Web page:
MySQL Performance on IO-bound workloads is still extremely depending on the underlaying storage layer (thus is directly depending on your Storage Performance).. Indeed, flash storage is definitively changing the game, but even with flash there is, as usual, "flash and flash" -- all storage vendors are improving their stuff constantly, so every time you have something new to discover and to learn ;-)) During all my MySQL 8.0 GA tests I was very pleasantly surprised by IO performance delivered by Intel Optane SSD. However, what the storage device can deliver alone on pure IO tests is not at all the same to what you could observe when it's used by MySQL -- unfortunately, in the past I've observed many cases when with a device claimed to be x2 times faster we were even not observing 10% gain.. But MySQL 8.0 is probably the most best placed MySQL version today to re-visit all this IO-bound story (there are many "under-hood" changes in the code helping to use your storage more efficiently) -- well, we're definitively yet very far from "perfect" ;-)) -- but again, as usual -- "everything is relative".. And for the "relative" point for this article I'll propose you to get a look on 2 different flash drives from Intel :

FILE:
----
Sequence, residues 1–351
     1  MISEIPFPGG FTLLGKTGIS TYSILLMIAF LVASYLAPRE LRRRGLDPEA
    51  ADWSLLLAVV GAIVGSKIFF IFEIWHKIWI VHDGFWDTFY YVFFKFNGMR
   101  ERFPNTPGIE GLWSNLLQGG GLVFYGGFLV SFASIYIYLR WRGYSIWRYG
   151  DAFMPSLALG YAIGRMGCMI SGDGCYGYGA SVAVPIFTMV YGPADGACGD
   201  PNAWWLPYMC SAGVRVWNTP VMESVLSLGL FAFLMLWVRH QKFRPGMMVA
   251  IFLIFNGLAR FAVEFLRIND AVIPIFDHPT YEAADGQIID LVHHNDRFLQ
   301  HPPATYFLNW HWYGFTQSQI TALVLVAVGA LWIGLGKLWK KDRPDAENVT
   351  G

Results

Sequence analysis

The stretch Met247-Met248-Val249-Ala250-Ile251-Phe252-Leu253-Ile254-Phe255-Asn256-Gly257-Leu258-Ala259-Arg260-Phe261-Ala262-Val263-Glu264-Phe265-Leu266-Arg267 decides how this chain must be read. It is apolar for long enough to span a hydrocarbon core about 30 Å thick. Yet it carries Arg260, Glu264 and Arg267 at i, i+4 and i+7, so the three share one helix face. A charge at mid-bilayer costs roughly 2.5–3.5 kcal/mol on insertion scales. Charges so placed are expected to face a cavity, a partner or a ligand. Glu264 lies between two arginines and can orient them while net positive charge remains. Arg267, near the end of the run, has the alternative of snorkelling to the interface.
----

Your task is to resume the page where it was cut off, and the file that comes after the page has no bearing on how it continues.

yes, both devices are from Intel, so it's only Intel -vs- Intel (e.g. no blame for "competition" post ;-))

so far, if you'll look on their specs, both drives are looking pretty good for avg. IO-bound workloads, except that Optane drive is claimed to be x5 times faster in all categories (and it's particularly impressive with its low IO latency -- see 1M IO-bound QPS with MySQL 8.0 -- so, can confirm at least for latency ;-)) -- however, will the x5 claim still be valid in different conditions / workloads ?

For my testing I'll use the same config as before (the same Skylake server as well), and the key config points are :
  • InnoDB page size : 16K
  • trx_commit : 1 (flush REDO on every commit)
  • single flash drive (just EXT4 on top of single drive, no RAID, no LVM, etc..)
  • InnoDB Buffer Pool (BP) : 128G / 64G / 32G (will vary along with test scenarios)

(no double write, no binlog for the moment -- these ones will be covered later, patience ;-))..

So far, let's start first with so called "in-memory" Sysbench OLTP_RW workload :
  • test workload : Sysbench OLTP_RW uniform
  • concurrent users : 1, 2, 4, .. 1024
  • data volume : 8 tables of 10M rows each (~20GB)
  • InnoDB Buffer Pool (BP) : 128GB
  • so, all the data will be fully cached in BP, thus NO any IO reads (the reason to be so called "in-memory")
  • however, there will be definitively IO writes (as there are writes in OLTP_RW ;-))
  • and in our case, if all is going well, there will be only 2 types of writes :
    • 1) dirty pages flushing
    • 2) REDO log writes
  • the 1) is going in background, and as soon as your flushing is fast enough -- your performance is not impacted
  • the 2) are pure sequential writes only mixed with periodic fsync(), and generally as soon as you use a good flash drive for your REDO files -- you're fine ;-))